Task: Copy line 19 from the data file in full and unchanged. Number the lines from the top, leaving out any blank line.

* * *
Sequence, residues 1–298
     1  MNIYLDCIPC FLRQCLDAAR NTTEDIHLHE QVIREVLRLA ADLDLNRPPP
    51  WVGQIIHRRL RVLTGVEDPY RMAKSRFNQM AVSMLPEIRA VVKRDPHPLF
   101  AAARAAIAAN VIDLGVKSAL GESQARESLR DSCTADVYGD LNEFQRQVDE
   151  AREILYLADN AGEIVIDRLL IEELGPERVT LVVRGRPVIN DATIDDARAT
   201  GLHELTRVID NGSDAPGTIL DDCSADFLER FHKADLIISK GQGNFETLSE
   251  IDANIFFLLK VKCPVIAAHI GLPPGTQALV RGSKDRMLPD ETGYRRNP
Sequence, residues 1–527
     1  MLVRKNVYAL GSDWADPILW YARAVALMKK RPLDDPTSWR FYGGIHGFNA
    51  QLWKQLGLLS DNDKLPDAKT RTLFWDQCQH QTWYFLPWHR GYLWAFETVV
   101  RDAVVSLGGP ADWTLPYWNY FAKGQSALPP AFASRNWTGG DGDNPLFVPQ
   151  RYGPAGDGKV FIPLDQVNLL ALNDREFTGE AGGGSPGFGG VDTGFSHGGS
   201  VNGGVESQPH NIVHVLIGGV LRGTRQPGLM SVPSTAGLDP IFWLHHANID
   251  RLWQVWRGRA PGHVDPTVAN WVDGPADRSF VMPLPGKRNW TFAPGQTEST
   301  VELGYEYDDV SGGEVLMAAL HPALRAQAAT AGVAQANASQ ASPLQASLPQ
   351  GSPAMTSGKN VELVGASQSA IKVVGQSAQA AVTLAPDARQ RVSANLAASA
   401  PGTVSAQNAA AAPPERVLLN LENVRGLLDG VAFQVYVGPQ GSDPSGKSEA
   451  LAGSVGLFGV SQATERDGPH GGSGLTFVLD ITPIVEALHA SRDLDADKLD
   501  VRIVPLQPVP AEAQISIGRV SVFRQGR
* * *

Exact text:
   501  VRIVPLQPVP AEAQISIGRV SVFRQGR